Not "the hip is feeling better"; not "he's 100 percent." But forget about it. It's a non-issue.
Wade hurt his hip pretty bad on Thursday night, leaping into Brian Cardinal and colliding with him late in the first quarter of the Heat's Game 5 loss to the Mavericks. He left the game for a while, he didn't come out to start the second half, and he finished with just 34 minutes instead of his usual playoff 40.
But with the Heat trailing the Mavs three games to two and their season on the line Sunday, there's no time for caution. The former Finals MVP went through part of practice Saturday, and he intends to take the floor in Game 6.
"He'll be ready to go," his coach, Erik Spoelstra, said at practice Saturday.
"This is just another day of getting treatment and getting rest," added Wade.
They're giving simple, straightforward answers, and don't you dare doubt them.
Wade's too proud to talk about his injuries. This is the same guy who was caught on camera Thursday night coughing and mocking Dirk Nowitzki — he doesn't believe in personal drama. He doesn't want to complain about whatever adversity comes his way. He just wants to fight through it.
Give the guy credit. This league has seen a lot of potentially great players not quite pan out — they had Wade's natural-born talent, but not his toughness. Wade's got the total package. His fierce competitive spirit made him the hero of the 2006 Finals against these Mavs. If he leads the Heat to a comeback with wins Sunday and Tuesday, he'll almost surely be the MVP again.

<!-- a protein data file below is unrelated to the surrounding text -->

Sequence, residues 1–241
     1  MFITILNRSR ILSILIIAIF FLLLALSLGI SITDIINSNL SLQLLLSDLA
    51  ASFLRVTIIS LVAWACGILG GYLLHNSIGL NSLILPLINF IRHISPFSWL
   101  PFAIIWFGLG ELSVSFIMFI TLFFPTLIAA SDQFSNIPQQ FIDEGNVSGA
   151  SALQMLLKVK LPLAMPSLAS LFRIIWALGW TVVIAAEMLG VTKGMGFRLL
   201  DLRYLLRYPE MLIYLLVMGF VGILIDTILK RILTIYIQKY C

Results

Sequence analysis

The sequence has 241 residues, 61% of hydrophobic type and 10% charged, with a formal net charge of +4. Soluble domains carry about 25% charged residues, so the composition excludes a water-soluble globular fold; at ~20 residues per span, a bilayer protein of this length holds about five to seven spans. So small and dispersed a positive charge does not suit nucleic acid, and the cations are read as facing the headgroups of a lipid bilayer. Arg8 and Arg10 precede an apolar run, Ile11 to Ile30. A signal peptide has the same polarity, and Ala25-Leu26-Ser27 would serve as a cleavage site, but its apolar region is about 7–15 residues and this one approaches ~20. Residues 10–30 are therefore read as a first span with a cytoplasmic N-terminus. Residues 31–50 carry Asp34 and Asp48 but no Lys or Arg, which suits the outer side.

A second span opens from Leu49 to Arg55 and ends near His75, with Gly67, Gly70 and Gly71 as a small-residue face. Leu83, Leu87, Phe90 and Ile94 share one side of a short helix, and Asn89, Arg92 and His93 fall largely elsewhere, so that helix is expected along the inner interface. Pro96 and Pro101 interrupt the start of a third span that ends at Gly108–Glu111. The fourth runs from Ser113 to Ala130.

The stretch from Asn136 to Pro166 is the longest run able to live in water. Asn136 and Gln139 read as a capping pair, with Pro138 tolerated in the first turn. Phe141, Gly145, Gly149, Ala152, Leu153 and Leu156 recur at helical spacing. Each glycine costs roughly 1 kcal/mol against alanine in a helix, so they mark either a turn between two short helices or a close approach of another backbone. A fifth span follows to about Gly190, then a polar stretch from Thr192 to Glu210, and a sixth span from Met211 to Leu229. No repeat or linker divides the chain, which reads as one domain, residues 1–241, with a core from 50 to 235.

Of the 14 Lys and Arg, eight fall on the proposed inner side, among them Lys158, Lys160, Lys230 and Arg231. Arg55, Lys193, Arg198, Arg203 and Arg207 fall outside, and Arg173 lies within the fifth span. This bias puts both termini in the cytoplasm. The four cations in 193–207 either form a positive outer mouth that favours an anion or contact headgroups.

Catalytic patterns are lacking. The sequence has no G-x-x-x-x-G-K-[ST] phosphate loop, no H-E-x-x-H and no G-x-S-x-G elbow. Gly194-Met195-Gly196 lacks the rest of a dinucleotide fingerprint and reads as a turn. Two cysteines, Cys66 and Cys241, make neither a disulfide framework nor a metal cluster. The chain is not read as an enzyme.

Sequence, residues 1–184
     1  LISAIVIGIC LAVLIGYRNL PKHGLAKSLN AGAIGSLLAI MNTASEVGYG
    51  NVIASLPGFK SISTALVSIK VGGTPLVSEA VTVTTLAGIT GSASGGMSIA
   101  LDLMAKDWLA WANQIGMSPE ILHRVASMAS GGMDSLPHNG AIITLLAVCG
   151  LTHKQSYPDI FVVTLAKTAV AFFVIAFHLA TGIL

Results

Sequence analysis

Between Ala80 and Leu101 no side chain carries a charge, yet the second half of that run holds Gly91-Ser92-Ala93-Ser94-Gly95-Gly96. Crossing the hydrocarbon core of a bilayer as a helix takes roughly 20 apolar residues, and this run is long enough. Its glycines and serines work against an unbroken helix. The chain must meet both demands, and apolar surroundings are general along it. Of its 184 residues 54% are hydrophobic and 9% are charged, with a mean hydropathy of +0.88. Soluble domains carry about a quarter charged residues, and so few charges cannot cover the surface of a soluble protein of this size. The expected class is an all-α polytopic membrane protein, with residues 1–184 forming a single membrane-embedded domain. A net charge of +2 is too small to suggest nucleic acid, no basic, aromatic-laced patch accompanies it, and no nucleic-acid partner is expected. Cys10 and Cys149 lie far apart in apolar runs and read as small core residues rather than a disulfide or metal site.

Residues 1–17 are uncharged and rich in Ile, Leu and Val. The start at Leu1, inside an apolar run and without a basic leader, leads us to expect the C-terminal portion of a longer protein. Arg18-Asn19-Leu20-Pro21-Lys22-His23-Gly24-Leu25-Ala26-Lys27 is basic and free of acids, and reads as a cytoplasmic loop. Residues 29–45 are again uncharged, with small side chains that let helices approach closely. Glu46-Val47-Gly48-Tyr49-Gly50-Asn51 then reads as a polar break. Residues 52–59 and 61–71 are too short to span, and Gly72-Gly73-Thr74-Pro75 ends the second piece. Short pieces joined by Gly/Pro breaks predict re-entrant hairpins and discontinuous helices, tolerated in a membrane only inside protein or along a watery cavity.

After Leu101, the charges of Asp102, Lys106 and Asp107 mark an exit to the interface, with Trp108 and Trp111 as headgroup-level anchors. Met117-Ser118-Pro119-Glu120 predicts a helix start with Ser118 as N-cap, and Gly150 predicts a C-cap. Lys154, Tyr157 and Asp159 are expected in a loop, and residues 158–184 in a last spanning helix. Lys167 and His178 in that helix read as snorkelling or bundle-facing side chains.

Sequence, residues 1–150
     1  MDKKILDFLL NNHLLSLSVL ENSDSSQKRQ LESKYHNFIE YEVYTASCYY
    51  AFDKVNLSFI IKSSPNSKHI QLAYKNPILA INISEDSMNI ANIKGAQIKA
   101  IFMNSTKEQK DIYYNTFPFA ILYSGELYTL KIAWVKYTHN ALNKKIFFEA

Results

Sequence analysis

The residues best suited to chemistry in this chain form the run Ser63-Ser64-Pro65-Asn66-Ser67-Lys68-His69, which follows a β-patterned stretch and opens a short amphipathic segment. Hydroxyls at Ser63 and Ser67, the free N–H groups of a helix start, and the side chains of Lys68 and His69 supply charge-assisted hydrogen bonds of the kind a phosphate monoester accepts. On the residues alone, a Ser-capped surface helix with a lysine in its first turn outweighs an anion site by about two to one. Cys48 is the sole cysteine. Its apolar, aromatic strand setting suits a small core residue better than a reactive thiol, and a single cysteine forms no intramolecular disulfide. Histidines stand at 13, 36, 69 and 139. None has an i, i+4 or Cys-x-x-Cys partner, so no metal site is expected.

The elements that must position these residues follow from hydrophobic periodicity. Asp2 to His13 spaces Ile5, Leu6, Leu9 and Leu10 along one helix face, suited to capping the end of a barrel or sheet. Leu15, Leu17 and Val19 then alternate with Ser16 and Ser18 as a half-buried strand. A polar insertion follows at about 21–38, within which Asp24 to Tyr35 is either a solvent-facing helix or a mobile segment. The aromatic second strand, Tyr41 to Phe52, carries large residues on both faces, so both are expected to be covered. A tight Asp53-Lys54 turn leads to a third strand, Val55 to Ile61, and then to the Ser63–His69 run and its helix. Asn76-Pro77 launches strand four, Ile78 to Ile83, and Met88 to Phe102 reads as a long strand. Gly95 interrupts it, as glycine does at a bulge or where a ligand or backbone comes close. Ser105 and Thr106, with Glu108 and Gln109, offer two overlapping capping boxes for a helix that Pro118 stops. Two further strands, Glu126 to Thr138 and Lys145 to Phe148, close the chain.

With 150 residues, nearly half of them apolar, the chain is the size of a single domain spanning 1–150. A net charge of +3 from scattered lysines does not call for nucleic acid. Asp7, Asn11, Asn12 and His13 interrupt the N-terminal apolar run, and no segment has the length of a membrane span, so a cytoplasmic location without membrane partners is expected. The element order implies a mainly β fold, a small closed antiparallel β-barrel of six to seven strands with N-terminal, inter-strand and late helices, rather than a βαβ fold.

Wade's showing toughness when it matters most. Not only because of the obvious do-or-die circumstances, but because he's showing a side his two superstar teammates don't have. LeBron James is shying away from the fourth quarter, at least offensively; Chris Bosh is putting up numbers but not competing hard enough against the heroic Nowitzki. Wade's the one guy with the will to compete and earn this thing. If the Heat are to pull off the improbable and steal this series from down 3-2, he's got to lead the way.
Despite all the many, many differences between this series and that original meeting back in '06, the Mavs-Heat Finals matchup has once again been reduced to a battle of wills between its two stars, Nowitzki and Wade. Both guys have been through a lot in this series — Nowitzki with his torn finger tendon and sinus infection, Wade with his hip and his surgically repaired shoulder. But no one's ever 100 percent in the playoffs anyway. The great ones don't care.
Dwyane Wade needs two more wins to make all of this worth it. All of the criticism, all of the booing, all of the scrutiny that's followed them through 102 games since opening night in Boston back in October. It'll all pay off if he wins two more games. With that in mind, a little hip contusion is nothing. Sunday is everything.